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Surge in amateur basketball interest expected amid Raptors’ playoff success

Surge in amateur basketball interest expected amid Raptors’ playoff success
Sports
Amid the Raptors’ quest to capture their first NBA championship, Michael Reio can already foresee something else — a surge in interest in amateur basketball across the country.

The director and founder of Basketball World Toronto, a local non-profit organization that runs basketball programs for children and adults, says it might be a tad early to evaluate the full impact of this most successful Raptors season on recreational basketball. But he has no doubt the team’s battle against the Golden State Warriors has put them in a bigger spotlight and will lead to increased basketball participation.

“The sport of basketball is growing very fast especially at the amateur level in Canada and the infrastructure is really starting to ramp up everywhere,” said Reio, whose organization counts over 1,500 youth (male and female) in its various programs.

“The more popular the Raptors are and the further in the playoffs they get, there’s more people wanting to participate in the sports. We keep getting more inquiries every year.”

With Raptors fever sweeping the country — the team just one win away from the title — community basketball programs in the city and beyond are bracing for an expected uptick in hoop interest this summer.

City of Toronto staff declined to compare basketball to other sports offered through community recreational programs, but simply said it’s one of the most popular sports on offer.

On an annual basis, there are approximately 275,000 people who attend the city’s basketball programs, and a total of 23,500 basketball course hours, according to the city.

“The city won t be surprised if there is an elevated interest in its basketball programs and facilities due to the success of the Raptors,” said Shane Gerard, a spokesperson for the city s Parks, Forestry and Recreation division.

Reio said he has seen the increase of basketball passion among young people across the city, and it is especially palpable now that their favourite team is performing well at the highest stage.

“Everyone wants to be the next Kawhi Leonard or the next Kyle Lowry,” he said. “I think every kid has a dream, and for those who like basketball it is good that they are seeing people they can idolize and say, ‘hey, these things are possible, I can do this.’”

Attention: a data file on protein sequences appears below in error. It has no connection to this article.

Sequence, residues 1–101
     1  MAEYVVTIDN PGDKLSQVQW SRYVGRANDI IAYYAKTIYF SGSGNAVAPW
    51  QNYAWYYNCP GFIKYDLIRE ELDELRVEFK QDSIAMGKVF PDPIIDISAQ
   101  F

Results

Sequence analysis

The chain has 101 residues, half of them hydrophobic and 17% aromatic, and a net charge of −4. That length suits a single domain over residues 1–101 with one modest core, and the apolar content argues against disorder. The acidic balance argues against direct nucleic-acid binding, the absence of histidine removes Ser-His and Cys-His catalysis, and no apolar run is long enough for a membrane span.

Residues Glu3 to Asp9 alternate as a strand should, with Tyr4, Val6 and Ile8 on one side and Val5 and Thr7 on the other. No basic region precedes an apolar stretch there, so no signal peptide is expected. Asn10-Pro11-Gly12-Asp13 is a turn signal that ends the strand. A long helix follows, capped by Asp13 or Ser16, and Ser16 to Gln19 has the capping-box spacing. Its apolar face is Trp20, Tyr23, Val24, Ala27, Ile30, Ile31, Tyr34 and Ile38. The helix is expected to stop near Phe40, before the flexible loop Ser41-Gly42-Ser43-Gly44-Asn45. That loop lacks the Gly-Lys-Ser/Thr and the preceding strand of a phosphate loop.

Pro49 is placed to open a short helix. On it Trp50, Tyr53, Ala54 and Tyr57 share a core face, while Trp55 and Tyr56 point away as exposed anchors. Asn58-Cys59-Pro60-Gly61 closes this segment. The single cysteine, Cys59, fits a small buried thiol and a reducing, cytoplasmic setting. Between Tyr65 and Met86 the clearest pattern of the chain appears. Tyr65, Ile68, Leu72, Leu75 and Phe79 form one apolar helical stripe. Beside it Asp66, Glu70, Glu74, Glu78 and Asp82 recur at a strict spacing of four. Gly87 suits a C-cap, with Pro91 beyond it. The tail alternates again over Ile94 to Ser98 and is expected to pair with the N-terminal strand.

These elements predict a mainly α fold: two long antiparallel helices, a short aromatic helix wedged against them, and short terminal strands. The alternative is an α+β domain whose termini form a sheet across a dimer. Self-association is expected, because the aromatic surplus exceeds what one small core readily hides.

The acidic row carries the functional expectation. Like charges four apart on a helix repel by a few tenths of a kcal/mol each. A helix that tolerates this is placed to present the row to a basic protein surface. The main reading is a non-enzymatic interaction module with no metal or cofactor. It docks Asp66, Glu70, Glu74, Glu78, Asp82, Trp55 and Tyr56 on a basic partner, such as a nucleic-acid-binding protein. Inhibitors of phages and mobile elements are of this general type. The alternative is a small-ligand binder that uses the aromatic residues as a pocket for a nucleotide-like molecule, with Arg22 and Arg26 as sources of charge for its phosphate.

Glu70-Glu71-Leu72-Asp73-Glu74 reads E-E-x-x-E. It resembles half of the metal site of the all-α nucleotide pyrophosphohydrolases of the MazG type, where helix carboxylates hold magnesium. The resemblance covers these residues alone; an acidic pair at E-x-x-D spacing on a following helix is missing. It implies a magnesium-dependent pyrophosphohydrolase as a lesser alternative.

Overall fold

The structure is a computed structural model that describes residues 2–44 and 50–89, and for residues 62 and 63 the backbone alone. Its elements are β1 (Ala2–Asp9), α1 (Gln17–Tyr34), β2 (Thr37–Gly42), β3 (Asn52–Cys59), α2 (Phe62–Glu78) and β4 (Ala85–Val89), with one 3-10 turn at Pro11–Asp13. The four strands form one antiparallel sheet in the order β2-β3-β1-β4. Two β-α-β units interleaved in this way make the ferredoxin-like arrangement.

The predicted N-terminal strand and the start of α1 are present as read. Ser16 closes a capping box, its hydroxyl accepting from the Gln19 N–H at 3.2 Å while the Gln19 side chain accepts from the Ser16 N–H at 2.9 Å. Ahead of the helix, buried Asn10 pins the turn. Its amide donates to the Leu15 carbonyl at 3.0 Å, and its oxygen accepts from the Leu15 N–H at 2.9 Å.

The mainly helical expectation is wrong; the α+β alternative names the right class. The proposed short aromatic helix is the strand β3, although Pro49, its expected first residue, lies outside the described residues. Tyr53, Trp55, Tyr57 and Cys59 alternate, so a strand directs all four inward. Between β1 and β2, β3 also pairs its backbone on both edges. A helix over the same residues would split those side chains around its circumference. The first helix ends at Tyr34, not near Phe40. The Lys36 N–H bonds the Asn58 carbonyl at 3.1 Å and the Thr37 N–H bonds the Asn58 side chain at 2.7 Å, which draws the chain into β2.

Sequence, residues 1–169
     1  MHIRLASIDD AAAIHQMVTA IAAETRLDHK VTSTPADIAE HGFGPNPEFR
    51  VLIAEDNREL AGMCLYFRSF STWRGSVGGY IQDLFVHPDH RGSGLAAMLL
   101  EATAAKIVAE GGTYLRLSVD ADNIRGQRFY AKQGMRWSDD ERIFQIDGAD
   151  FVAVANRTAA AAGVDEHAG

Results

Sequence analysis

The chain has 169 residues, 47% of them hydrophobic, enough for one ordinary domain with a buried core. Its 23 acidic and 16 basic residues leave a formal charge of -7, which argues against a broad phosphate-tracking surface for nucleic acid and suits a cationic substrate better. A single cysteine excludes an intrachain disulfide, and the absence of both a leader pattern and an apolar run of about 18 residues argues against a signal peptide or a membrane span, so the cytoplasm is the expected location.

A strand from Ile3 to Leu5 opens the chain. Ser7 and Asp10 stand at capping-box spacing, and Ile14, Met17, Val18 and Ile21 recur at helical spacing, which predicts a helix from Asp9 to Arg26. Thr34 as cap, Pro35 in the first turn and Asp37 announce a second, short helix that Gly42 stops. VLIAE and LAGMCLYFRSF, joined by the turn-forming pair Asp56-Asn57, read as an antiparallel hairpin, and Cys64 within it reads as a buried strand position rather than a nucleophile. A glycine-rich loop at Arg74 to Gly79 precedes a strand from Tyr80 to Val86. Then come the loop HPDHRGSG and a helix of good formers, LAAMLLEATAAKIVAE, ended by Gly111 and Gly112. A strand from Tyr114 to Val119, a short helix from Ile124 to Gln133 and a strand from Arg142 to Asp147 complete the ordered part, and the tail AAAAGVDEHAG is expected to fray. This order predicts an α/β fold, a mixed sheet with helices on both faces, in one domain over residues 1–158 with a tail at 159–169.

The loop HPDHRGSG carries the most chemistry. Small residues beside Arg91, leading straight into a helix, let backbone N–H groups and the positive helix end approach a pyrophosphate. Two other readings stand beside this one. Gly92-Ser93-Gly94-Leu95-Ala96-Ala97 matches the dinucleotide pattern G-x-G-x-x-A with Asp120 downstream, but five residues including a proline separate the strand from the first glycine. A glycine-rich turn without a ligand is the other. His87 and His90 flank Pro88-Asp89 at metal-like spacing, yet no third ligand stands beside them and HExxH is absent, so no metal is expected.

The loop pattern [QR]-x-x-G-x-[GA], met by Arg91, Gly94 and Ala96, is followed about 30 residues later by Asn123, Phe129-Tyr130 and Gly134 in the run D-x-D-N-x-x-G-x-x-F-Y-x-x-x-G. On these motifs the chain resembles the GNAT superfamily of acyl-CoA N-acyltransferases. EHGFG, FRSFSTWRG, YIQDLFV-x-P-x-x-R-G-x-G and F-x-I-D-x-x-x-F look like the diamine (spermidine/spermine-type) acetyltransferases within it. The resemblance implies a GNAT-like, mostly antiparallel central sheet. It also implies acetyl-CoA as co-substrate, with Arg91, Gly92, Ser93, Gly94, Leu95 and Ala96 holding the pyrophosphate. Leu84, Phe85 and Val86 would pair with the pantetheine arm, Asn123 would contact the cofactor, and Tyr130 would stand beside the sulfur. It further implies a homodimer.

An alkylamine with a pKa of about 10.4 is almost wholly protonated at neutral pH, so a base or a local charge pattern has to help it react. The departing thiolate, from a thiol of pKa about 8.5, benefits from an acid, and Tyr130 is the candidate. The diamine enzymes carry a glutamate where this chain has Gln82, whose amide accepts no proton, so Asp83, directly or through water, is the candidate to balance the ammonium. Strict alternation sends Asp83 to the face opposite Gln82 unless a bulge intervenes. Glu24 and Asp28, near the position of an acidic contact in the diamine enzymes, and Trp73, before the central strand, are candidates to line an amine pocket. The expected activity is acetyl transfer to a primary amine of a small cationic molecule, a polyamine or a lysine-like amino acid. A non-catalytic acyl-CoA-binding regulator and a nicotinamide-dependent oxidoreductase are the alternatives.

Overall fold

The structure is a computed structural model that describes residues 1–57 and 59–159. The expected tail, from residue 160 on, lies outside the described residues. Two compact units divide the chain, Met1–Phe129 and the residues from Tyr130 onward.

With the increased popularity of the game, Reio said there’s added pressure to everyone involved in community basketball to raise the bar about how they offer programs — from developing apps that help share information to creating promotional materials and becoming better organized.

“Parents are expecting better quality coaching and more skilled staff. There’s more demand for better programming all around,” he said.

The Ontario Basketball Association (OBA), the governing body for basketball in the province, says it has seen a consistent membership increase in its programs over the last five years that the Raptors have made the playoffs, and the jump in numbers could be even higher following this year’s historic run.

“We’re anticipating a boom year starting in the fall registration with young fans who have been inspired to get on the court and get in the game,” said the group’s executive director Jason Jansson in a statement.

Jansson said over 16,000 athletes, under the guidance of about 2,800 coaches, competed in the OBA Championships this past season, the group’s annual signature event that ends in spring. He said many members of their clubs across the province have been gathering at Raptors viewing parties, replicating what many cities all over Canada and some parts of the world are calling their own versions of Jurassic Park.

“Ontario Basketball is very proud of what our partners from the Toronto Raptors have accomplished this season and we’re thrilled about all the interest in basketball it has generated across the province,” he said.
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